So long as improvements are directly attributable to the US military, so much the worse for both America and Iraq. The Iraqis appear to be as incapable as ever of ordering their own affairs with any competence. They are utterly dependent on the coalition. And even if the Americans are crazy enough to commit themselves to policing Iraq indefinitely (we have already heard allegedly sane people in the US military speculate about a 50 year commitment), such a commitment will one day come to an end: from that day all improvement in the country will vanish with the departure of the coalition forces. The leaders of the Western world need to cure themselves of the delusion that people outside of the West are just like people in the West. Just because it was possible to reconstruct Germany and Japan after war is no reason to think that it’s possible to reconstruct a country like Iraq which is entirely lacking in the cultural capital and ability to build and maintain institutions that made it possible for the Japanese and Germans to recover from a situation that was, materially, far more devastating than anything the Iraqis have had to face. The Islamic dimension also makes this an unusually intractable problem.

    There are only two viable options for pacifying Iraq permanently and without the coalition permanently entrenching itself in the country. The first is to instal a Saddam-style dictator with the will to do what needs to be done (e.g. ‘eliminating’ all private armies and those who head them, such as al-Sadr). The coalition is pathetically squeamish about taking such steps itself, a weakness that has contributed to the longevity of the insurgency. But a Saddam mark II would just make the world and the American electorate wonder why so many thousands have died and so many billions been squandered in order to return Iraq to where it was before 2003.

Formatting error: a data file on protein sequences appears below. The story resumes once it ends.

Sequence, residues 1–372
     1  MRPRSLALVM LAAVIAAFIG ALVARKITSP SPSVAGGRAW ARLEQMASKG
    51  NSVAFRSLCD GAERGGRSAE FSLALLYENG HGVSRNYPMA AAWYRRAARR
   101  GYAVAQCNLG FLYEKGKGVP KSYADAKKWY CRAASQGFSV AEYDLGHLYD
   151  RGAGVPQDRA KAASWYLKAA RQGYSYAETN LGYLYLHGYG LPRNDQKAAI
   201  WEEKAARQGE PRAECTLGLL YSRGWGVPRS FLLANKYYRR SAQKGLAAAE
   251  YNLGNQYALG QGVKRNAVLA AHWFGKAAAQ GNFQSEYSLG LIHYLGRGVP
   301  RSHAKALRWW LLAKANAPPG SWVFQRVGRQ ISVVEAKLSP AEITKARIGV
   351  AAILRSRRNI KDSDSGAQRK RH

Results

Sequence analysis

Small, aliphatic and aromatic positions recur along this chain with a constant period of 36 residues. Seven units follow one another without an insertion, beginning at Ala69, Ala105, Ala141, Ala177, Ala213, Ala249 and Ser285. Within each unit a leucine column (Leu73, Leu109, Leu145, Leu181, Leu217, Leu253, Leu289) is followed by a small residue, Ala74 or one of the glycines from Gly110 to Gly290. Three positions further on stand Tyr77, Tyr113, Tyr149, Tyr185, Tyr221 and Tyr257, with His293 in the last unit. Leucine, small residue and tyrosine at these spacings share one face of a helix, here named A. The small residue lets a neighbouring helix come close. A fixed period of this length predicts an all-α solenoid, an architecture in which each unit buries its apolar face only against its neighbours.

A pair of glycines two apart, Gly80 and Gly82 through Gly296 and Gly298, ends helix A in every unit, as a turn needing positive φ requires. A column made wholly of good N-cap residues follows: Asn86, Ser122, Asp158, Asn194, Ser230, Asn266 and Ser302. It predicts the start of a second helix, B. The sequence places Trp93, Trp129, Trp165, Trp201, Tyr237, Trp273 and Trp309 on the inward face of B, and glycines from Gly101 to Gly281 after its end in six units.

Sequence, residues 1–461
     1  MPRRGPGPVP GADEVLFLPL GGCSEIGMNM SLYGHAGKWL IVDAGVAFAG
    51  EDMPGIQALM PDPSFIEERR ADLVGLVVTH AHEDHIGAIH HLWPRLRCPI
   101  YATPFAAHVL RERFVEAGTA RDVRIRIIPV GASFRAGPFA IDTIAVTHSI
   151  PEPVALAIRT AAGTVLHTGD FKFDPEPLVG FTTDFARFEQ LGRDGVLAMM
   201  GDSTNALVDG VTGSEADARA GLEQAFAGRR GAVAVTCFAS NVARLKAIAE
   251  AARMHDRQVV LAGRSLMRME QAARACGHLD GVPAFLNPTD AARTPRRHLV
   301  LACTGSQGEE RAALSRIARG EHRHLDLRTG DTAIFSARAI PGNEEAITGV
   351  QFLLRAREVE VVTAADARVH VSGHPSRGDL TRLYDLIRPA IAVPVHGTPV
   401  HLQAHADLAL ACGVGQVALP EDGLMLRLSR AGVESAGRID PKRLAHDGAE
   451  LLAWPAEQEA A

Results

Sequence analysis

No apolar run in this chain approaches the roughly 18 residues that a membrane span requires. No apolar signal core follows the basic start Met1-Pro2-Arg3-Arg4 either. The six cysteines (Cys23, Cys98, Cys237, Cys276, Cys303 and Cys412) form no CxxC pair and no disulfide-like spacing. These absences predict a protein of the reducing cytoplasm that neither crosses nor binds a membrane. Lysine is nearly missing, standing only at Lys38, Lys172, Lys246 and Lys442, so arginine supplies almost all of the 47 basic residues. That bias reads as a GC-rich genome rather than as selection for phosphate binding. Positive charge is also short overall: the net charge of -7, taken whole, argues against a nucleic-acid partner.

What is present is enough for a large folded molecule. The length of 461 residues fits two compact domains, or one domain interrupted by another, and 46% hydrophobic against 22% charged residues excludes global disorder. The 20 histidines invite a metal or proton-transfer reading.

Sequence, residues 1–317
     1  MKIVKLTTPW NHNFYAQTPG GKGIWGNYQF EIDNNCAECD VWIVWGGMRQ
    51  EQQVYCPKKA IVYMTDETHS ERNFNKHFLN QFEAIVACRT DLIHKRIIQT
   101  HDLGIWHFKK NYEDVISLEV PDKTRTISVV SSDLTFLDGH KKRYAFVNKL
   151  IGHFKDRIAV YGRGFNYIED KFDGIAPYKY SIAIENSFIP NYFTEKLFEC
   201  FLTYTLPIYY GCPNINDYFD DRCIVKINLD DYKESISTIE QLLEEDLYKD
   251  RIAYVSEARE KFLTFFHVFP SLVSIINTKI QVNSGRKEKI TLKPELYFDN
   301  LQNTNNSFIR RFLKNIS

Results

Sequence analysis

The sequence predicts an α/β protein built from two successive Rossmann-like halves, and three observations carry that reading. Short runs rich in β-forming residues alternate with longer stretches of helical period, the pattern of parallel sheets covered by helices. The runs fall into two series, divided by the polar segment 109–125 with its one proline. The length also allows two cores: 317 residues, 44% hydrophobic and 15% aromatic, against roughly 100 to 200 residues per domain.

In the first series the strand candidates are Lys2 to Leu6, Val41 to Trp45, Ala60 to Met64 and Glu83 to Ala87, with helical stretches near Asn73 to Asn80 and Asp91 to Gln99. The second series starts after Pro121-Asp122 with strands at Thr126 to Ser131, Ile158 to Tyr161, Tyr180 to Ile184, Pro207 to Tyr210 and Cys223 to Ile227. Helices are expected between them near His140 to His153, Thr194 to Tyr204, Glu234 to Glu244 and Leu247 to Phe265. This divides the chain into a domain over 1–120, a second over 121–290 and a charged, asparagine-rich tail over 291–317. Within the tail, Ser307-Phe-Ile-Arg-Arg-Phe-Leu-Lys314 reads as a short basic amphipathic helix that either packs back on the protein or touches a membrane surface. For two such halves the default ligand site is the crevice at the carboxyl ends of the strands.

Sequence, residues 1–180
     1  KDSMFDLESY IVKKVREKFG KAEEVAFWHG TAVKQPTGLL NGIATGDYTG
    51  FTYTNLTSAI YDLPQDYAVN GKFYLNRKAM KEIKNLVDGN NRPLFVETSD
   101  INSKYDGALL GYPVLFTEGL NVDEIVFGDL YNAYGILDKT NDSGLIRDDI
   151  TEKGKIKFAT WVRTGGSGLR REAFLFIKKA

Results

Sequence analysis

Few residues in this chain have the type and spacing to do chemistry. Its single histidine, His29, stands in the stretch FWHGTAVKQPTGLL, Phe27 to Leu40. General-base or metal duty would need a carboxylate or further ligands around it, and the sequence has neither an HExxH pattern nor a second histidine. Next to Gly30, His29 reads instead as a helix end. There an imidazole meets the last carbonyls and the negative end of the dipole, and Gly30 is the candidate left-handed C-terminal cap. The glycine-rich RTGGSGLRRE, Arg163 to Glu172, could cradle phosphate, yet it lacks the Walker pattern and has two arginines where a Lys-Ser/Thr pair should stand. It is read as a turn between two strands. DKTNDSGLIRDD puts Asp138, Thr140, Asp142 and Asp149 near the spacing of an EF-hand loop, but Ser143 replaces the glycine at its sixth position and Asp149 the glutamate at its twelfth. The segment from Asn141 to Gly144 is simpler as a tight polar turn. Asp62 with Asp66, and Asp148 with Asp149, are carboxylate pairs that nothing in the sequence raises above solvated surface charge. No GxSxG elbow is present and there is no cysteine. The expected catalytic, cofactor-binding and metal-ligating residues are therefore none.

The second option is to partition the country. Iraq is an artificial state and a pretend-nation. The very fact that there is a Sunni-Shia war raging there is conclusive evidence that there is no genuine ‘Iraqi nation’ that deserves to be preserved under the umbrella of a unified state. Southern Iraq should be cut loose immediately. It has no oil and is of no strategic significance to the West. It should be left to form its own impoverished, violence-ridden, Sharia-ist state, too poor to trouble anyone and too insignificant to be troubled in its turn – a kind of Somalia of the Middle East.

    The Kurds and non-Kurdish Shi-ites should be allowed to form their own states. Both will have the oil that will make them viable propositions. And each would have a fairly homogeneous population re ethnicity, culture and religion, homogeneity in a people being the prime essential for establishing a funtional civil order (we in the West are so hypnotised by the cult of diversity that we have lost sight of this simple truth). It is very likely that the Kurds would welcome a permanent American military base in their country, for fear of what Turkey might do to them otherwise. That in itself ought to satisfy the US’s strategic interest in the region.

    The solution to the Iraqi problem is simple: abolish Iraq.

  7. November 14, 2007 at 17:25